What kind of problems did you have with RT?

    • The Trophy had a lot of teething problems too. With the RT, depends on the year. The later, the better. That said, the Trophy is a fair comparison to the hexhead/camhead, but the wethead is another generation ahead in features and electronics. The FJR is a ST with the emphasis on S, whereas the Trophy and RT the emphasis is on T. Anyway, thanks for the RepROM and JVB DVD. 🙂

      • Dirk Lehew

        I agree with AZgman-I have 30K mi on my 2014 Trophy and it’s the finest bike I have owned in 45 years of riding. No teething problems-and it handles better with a smoother engine and more power than the RT(and I’ve ridden multiple years of the RT, as well as the K bike, which is a pig compared to the Trophy). When you compare reliability and cost of ownership, and read/talk with owners of both, IMHO the Trophy wins. For me the Trophy has a great combination of tech and simplicity-I have no trouble using every feature and it seems like BMW employs high tech where it’s not necessary-just because they can. For some reason the Trophy doesn’t get a fair shake in the MC press, and I wonder how many writers/critics actually own the BMWs they salivate over. My previous ride was a 08 Concours14, and the Trophy beats it for me in every way except the top end, and I just don’t need to go 140 anymore. The Trophy has almost every meaningful feature that the RT does, and it beats the RT with the most comprehensive display of any bike I’ve ridden.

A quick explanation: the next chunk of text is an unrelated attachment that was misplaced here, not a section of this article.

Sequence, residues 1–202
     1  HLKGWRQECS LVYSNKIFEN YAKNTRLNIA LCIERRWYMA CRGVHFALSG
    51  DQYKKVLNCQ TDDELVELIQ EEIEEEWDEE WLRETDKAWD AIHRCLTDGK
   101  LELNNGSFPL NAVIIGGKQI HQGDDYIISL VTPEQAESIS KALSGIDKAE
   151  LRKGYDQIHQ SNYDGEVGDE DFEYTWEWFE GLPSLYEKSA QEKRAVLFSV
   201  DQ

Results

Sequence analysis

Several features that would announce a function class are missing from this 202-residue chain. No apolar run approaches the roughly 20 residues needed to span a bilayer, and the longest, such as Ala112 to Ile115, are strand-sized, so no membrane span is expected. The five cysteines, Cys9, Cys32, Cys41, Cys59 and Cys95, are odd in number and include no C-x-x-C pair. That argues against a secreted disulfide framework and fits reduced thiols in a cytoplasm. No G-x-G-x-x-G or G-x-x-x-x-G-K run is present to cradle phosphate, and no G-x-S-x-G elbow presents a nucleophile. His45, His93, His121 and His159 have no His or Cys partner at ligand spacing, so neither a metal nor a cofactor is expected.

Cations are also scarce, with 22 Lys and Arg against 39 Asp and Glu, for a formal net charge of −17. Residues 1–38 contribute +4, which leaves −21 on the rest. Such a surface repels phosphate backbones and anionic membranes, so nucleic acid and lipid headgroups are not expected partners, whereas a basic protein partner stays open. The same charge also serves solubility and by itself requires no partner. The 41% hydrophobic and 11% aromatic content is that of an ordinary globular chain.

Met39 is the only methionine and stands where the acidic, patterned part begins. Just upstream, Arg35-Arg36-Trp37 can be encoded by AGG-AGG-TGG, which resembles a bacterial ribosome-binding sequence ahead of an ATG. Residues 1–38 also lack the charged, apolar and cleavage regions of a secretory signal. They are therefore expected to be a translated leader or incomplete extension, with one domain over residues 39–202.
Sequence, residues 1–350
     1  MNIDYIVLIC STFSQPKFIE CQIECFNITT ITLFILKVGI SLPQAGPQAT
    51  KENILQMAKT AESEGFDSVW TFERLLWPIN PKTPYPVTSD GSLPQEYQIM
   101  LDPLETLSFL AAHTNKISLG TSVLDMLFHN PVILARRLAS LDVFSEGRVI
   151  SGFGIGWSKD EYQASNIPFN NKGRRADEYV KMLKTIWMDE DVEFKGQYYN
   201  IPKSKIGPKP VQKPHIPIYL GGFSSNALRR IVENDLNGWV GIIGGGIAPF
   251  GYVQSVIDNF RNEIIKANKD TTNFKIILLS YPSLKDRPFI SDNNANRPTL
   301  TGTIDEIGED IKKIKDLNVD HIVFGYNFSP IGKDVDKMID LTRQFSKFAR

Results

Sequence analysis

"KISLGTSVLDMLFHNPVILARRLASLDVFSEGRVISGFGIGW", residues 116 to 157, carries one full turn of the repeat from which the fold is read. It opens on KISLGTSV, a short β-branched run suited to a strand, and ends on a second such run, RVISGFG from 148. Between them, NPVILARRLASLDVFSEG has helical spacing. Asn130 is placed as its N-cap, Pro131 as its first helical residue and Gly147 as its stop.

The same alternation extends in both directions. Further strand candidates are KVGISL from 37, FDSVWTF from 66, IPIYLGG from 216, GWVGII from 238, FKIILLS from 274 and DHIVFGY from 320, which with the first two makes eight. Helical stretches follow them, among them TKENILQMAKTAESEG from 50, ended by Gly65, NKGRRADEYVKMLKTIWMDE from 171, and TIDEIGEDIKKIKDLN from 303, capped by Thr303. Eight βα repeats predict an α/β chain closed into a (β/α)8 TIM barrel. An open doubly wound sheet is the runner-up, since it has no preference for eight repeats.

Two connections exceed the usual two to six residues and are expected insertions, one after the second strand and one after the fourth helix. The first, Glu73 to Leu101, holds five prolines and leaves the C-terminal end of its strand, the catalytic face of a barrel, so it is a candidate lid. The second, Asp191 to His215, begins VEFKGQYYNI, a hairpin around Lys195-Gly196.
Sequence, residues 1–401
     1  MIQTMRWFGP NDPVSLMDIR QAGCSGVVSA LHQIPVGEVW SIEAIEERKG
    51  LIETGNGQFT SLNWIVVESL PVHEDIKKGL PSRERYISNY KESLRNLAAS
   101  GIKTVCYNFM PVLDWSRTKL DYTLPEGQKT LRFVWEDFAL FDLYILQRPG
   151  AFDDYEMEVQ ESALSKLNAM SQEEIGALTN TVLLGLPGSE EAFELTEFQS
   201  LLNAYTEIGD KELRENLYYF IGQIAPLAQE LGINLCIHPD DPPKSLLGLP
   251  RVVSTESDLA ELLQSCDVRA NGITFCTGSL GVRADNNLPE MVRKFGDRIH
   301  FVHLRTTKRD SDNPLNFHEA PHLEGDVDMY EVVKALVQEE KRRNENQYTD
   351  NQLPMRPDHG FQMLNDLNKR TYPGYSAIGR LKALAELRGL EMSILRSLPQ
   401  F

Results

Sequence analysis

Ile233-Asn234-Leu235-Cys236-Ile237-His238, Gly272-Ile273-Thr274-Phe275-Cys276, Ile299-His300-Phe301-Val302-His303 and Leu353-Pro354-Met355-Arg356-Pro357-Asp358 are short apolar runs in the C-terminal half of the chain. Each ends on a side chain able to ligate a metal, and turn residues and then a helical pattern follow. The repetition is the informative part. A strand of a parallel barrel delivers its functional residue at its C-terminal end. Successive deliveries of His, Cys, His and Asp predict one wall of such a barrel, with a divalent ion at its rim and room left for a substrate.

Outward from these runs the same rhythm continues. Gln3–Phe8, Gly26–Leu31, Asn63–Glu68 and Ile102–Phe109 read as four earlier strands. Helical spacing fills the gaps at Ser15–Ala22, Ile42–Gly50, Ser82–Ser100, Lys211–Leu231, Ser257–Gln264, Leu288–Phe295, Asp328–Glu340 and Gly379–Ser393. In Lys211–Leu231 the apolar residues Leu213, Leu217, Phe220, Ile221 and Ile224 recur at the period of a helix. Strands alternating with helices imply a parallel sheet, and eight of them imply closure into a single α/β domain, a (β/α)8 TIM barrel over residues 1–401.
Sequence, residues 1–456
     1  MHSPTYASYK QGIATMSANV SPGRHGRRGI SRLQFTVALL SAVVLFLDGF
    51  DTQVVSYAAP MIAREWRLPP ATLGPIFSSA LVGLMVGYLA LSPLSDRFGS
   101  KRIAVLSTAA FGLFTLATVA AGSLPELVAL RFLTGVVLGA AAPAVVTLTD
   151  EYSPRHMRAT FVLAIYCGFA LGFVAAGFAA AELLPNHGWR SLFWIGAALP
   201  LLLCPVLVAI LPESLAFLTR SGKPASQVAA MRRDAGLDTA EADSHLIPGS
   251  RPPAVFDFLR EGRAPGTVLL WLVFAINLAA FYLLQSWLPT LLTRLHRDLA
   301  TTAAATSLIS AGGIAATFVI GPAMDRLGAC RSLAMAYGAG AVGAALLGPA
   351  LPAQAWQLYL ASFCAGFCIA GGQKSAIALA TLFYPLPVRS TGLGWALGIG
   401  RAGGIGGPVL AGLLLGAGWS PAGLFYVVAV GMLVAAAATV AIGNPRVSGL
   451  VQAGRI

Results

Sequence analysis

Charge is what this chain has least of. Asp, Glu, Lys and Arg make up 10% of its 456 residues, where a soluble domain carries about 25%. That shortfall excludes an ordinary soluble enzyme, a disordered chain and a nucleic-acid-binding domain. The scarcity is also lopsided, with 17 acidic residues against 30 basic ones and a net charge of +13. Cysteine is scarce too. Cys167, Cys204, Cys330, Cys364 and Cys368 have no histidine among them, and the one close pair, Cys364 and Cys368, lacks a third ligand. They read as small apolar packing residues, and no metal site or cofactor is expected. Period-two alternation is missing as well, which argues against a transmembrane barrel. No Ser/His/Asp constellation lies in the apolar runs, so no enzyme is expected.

• Have you ridden the new RT? The Trophy is a better value than the RT, but I have a question: How is maintenance? Like removing body panels when doing a valve adjustment/check? AZgman and I know each other, we belong to AZBeemers. We both had silver 2009 RTs before he got the Trophy. I’ve heard nothing but good things from him, but I haven’t heard about maintenance and also heat. The RT doesn’t throw off much heat at all and it matters here as we live in hell.